Posted by: bluesyemre | August 13, 2020

Coping with Covid: How #library design will need to change


Library IT facilities play a key role in helping people to get online who may not otherwise be able to do so, both through training and the provision of public computers.

Flexible spaces that allow for social distance, quarantined books and fewer touch points will need to maintain the sense of welcome and community…

Over the past few decades, the nature of what a library is has transformed. No longer just spaces of books or learning, they are places where people of all backgrounds come together, helping to foster stronger and more resilient communities. For some, libraries serve the most basic of needs: they offer shelter, warmth, and toilet facilities, as well as the company of others. They are also a place for study and quiet escape from what may otherwise be noisy, overcrowded households.

The Covid-19 crisis, and the closure of libraries, along with other social infrastructure such as churches and youth clubs, has had a profound impact on our communities. According to Libraries Connected, the national umbrella body for public libraries, there were more than 226 million library visits last year, suggesting that over 50 million visits were lost in the three months of closure.

Public places such as libraries will be key to the social recovery from Coronavirus, but the nature of those spaces has to change. Before the outbreak of the pandemic, library design was about bringing people together, with large spaces for community gathering, collaborative working and shared learning. In the pre-vaccine era, in an environment where we need to be physically distant from each other, and coming together in large groups poses a public health risk, how should libraries respond?

Libraries saw a 600% increase in digital membership over lockdown, and a fourfold increase in the number of ebooks borrowed, as well as an increase in home delivery services for the elderly and vulnerable. While digital services will inevitably play a far more significant role, they alone are not the answer. A tablet at home is no substitute for the social benefits of being physically present in a library and being part of that community.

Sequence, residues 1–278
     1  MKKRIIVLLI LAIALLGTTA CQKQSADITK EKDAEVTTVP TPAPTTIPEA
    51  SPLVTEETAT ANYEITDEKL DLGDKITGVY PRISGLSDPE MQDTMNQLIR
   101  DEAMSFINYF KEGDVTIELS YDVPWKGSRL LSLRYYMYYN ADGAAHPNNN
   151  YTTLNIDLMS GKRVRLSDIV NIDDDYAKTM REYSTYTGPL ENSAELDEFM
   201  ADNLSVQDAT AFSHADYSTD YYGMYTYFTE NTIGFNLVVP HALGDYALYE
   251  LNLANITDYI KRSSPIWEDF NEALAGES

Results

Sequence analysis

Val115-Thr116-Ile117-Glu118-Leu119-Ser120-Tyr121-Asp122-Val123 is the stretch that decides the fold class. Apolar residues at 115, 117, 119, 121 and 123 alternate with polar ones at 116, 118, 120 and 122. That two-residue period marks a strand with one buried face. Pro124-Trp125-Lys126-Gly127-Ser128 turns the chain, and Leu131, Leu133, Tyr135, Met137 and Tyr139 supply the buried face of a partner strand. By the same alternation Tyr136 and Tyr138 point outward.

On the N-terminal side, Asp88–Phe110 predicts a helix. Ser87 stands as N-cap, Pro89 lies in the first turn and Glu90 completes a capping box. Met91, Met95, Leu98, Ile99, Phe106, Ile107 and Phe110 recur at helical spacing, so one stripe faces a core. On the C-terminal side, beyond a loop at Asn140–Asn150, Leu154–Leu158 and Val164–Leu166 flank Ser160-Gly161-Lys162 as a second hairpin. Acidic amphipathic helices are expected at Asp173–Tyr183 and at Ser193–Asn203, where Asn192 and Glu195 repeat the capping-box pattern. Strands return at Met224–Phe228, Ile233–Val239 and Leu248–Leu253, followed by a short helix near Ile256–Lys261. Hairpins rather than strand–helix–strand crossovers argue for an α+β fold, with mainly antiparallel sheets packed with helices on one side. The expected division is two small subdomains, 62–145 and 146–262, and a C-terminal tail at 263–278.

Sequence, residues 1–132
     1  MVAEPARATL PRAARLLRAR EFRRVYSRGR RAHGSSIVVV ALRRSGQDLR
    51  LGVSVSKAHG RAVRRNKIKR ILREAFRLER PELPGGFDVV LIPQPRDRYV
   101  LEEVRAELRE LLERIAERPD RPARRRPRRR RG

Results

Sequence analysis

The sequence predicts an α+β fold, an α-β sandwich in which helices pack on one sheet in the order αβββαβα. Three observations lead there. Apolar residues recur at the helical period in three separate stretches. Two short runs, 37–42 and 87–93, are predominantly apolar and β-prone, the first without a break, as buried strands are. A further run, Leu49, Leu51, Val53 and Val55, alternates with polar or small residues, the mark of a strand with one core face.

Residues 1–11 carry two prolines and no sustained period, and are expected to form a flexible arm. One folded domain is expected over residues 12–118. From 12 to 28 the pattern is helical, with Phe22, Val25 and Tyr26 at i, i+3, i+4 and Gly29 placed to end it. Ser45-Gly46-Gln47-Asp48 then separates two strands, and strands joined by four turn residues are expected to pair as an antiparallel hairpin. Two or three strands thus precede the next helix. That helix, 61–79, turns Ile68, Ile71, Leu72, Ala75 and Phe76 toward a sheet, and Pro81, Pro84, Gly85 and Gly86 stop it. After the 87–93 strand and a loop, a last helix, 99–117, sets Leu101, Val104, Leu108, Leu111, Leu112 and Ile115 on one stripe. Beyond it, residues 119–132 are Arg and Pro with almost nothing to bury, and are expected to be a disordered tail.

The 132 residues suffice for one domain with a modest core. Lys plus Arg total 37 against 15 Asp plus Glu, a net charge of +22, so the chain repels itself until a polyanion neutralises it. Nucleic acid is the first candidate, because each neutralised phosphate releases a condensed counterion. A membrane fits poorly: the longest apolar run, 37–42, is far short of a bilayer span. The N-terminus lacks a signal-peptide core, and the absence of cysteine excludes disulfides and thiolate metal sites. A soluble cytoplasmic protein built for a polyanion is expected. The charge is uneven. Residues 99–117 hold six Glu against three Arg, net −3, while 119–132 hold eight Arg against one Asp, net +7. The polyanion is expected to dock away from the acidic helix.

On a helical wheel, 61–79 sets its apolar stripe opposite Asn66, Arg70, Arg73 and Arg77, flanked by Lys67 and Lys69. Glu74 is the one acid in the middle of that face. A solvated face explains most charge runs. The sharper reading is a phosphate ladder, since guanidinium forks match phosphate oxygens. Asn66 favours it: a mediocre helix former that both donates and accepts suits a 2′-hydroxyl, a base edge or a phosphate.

As part of a wider Covid-19 project funded by Innovate UK, IF_DO worked closely with Libraries Connected and its services recovery team to develop a Safer Libraries guide to help with the reopening process.

In the short term, the aim is to provide as broad a service to as many people as possible, while ensuring a safe environment for both staff and customers. In order to do this, we focused on three principal factors: space, surfaces, and ventilation.



Space to allow for necessary physical distancing through the removal of soft seating, spreading out of book stacks and IT stations, and restricting the number of people in the library at any one time.

Surfaces should be sterilised and touch points reduced to mitigate the risk of transmission, such as quarantining books between borrowers, and cleaning IT equipment between users.

Ventilation rates and the flow of fresh air should be increased, with a review of HVAC systems and the changing or upgrading of filters, standalone air filtration units, and the opening of windows and doors.

These factors will be key considerations into future as well. It is likely that the elimination of recirculated air, and the demonstrated air quality benefits of standards such as Passivhaus and heat recovery ventilation, will become a far greater consideration for the commissioners of libraries and other public buildings. Increasing technological change, and self-service check-in and check-out of books via phone apps (already the case in some parts of the world) will become the norm, reducing the need to touch shared surfaces.

It is the need for greater flexibility in library spaces that has emerged as one of the greatest lessons for library design. Libraries have tended towards maximising public floor area and minimising back-of-house space, but with significant storage space now required for the quarantining of books, that will need to change. Being able to easily adjust the ratio of customer-to-staff areas, or to rapidly reconfigure shelving layouts to allow for easier one-way systems has become essential.

When, and indeed whether, a vaccine will be developed is unknown, and we must therefore not assume that this is a one-off health crisis. As Ayub Khan, the head of universal services for Warwickshire County Council, has noted, the implications for library design are huge, ‘it’s not just the physical aspects we have to consider. We must expect people to be warier of public places from now on and need to design spaces they can feel safe in.’

How libraries can return to being the all-welcoming places they were before the pandemic is one of the biggest concerns for senior librarians. They are used to bringing people together, so actively keeping people apart goes against their natural instincts. It will require sterilising the space but not the experience.

IF_DO’s Safer Libraries guide, developed in partnership with Libraries Connected and CILIP, the UK’s library and information association, along with other guides, can be downloaded from the Covid-19 Safer Spaces website

Thomas Bryans is director and co-founder of IF_DO

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